The thing was this. I wasn’t gonna have no damn mulatto baby running around my carnival. It made no never mind to me that the boy was sprinklin’ the sheets with Katie. Long as he kept it straight during the day, it made no difference to me how bent he got at night or if won the bedroom bingo with my girl. If the carnies worked hard in the light of day, they went harder at it at night. I knew this when I brought Katie to the bus’ness. I’m sure the boy wasn’t her first, even if’n he turned out to be her last. She was a thing I had to give up.
I needed her to make the whole thing go. A black man in the white man’s world in the ’50’s was nothin’ more than a nigga. Hell, the white folk didn’t even know the traveling show was mine. Griswold was long dead. Knifed in his sleep. Mornin after, I stood forward. Carnies didn’t care my color or nothin’ else other than were their envelope gonna have somethin’ in it come Friday morning. And if the kid and other newbies thought I was Griswold, it all worked for me.
The Elastic Girl did things that made the white ladies gasp, but I knew this. While their women were shocked, the white men were thinkin’ only one thing. That’s what kept the tent full and allowed me to charge an extra two bits for her show. I seen it in the shine of their eyes and the way their mouths hung open. Those men, who thought nothin’ of sayin’, “out of the way, ya nigger,” when they hustled out of the tent and brushed past me, couldn’t take their eyes off’n my Katie. As black as the night she was, but there are certain things that no skin color gonna matter. And one of ‘em is men and they cocks. I saw in their eyes their dreams of havin’ her legs wrapped aroun’ their hips while they did the boogie-woogie. I’m sure a few of ‘em wouldn’ta minded seein’ Katie in a good ol’ cootch show, but I had my limits. Asides, I’da lost the payin’ ladies if I put her in a cootch show.
So, yeah, I used my Katie, but I was always there. Watchin’. Makin’ sure none of the crackers got outta hand and when her show was over, I let my girl do whatever. I owed her that, dint I?
The best part ‘bout those days was the special shows we put on for the black folk. Nary but a few of ‘em could scrape together enough jangling coins or crumpled bills to enter. We did ‘em one better tho’. A free show our first night in town. Five or ten miles outta on some ol’ uncle’s pasture so the white folk didn’t know, we’d put up one tent and give ‘em a show. A whole lot of hootin’ and hollerin’, singin’ and dancin’, we’d do whateva’ come to mind. Maybe even in the wee hours of the night give ‘em a little bit of the scramble egg treatment.
My carnies didn’t care. Besides what twas in their envelope, they cared about havin’ fun. Rippin’ it up and tearin’ it down wheneva’ they had the chance. Those shows for the negroes, well, those were what the carnies woulda done if they could. Each and every day. So help me, that’s the Lord’s truth.
So, ya gotta see it my way. Things were in a balance and goin’ good. If it kept on keepin’ on, I mighta been able to roll up the tents for good, find misself a little spot o’ land back home in Georgia and stop the travelin’. I’da be able to keep Katie there, too, among her own folk. Mebbe I’d no longa see the sparklin’ eyes of all those white men in my dreams anymore.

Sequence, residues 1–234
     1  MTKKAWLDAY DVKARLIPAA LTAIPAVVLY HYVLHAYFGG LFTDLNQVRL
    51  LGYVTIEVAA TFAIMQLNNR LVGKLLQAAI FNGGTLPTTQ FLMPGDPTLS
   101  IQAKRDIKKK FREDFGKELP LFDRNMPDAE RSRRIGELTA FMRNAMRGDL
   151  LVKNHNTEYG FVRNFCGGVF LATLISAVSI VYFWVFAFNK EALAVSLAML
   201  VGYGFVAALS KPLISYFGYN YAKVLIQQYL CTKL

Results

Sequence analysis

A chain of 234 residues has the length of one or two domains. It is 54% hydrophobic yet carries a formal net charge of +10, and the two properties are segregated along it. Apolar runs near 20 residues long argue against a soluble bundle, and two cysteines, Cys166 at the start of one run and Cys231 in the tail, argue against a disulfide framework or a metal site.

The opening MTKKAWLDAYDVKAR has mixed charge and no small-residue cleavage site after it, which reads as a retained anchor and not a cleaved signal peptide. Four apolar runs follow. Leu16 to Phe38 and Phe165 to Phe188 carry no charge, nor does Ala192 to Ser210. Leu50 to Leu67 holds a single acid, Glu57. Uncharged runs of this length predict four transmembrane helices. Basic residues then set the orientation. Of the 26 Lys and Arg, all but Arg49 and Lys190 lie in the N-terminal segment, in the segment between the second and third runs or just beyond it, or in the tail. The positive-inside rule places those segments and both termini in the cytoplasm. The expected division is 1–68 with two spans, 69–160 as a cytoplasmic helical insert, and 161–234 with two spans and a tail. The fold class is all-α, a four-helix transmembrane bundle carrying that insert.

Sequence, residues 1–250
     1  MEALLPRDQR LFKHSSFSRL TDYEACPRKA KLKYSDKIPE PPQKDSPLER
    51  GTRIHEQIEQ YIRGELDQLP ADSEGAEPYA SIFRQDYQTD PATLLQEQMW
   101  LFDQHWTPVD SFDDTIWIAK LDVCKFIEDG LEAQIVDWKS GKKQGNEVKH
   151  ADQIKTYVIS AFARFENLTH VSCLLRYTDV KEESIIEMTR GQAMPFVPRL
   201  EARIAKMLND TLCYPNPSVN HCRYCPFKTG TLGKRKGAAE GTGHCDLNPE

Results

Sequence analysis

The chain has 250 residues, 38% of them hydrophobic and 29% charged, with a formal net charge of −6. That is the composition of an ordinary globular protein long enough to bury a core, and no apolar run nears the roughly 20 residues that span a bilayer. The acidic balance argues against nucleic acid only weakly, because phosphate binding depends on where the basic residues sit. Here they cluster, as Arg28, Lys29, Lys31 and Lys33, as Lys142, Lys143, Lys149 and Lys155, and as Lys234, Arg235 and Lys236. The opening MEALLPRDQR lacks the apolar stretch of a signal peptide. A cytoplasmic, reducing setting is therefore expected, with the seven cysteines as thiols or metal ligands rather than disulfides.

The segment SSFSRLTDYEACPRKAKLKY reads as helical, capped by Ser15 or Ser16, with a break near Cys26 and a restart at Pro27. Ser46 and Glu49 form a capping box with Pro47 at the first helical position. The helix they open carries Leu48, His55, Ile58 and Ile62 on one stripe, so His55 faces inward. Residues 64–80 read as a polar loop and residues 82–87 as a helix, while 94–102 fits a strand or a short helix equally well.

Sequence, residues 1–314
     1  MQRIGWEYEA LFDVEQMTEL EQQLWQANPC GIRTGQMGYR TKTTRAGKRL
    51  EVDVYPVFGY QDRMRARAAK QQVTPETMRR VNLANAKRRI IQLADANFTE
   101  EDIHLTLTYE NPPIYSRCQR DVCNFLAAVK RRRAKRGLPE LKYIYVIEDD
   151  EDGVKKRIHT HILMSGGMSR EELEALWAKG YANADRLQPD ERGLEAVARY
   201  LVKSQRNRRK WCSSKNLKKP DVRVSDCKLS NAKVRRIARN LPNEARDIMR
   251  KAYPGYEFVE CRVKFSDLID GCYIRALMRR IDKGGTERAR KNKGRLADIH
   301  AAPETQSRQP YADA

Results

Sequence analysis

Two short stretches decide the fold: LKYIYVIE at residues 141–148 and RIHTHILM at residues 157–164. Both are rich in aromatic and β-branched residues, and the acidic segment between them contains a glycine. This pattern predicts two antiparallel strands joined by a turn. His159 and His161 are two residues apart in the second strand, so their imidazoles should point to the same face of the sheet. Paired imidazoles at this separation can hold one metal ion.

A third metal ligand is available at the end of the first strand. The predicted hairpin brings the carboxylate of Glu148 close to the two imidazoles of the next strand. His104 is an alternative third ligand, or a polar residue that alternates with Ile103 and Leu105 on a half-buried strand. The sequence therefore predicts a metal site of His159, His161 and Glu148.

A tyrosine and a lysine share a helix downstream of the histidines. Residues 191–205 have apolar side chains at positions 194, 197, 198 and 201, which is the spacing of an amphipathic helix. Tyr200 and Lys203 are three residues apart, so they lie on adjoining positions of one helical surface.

The boy, Sallie, tol’ me a story. A bunch o’ cock and bull ‘twas. One day, I hear a man call him Sallie and I pult him to me. “Wassup with that?” I ask. “Why you let him call you Sallie? You tol’ me your name was Frank.”
The way he looked at me, I knew sumtin’ was up. “Ah, it’s nothing,” he say.
“Nuthin’.” I stepped back from him. “You almost a man now, you can’t be lettin’ ‘em call you Sallie.”
“It’s no problem at all,” he say again. “Just a name I picked up on the rails. An ol’ blind tramp called me it. I told one of the fellas and I guess they just call me it for fun.”
“Well, you oughta stick up for yaself.”
I went on my way, puzzlin’ in my head why a boy would let that happen and why this boy wouldn’ta look me in the eye. I liked the kid. What little he told me, his Pa was a hard one, who thought nothin’ of bein’ even harder on his own kin. I wanted to give him a chance. But I din’t like the way he scurried away that mornin’.
I’s slow, but I put it together when Katie came to me one mornin’.
“Yeah, baby.” I smiled at her. Couldn’t help it, she just was my sunshine.
“I gots somethin’ to tell you.” She hesitated. “I is scared to, though.”
“Well, you just tell me. No reason to be scart.”
“Papa. I think I’m with child.”
“You what?!” I had no right, truth be told. I know’d what was goin’ on. Shit on the shock. I laid it out for her. “It’s that boy, idn’t it?”
“Y-y-y-esss,” Katie stuttered out.
“Well, we’ll jus’ have to take care of it.”
You see, a mulatto baby runnin’ ‘round, pullin’ at Katie’s skirts would mean too many questions. Who the father? Too many crackers coulda done it and I had no mind that the boy would stand up. Asides, I couldn’t have no pregnant Elastic Girl. Afore Katie had a chance to say yay or nay, I went into town and found the white doc. Paid him good money to have the thing taken out of her.
And if that was all, I’d have let the boy alone. The thing was this. That night, I found my Katie in the donniker, all bled out. Yeah, the boy had to run agin.
*** End ***
Next up, I may go back to Sallie. Or I look to you, my reader, to tell me what you want to see next. Somebody else to take the story to its next step. Your call, if you want to help me make it.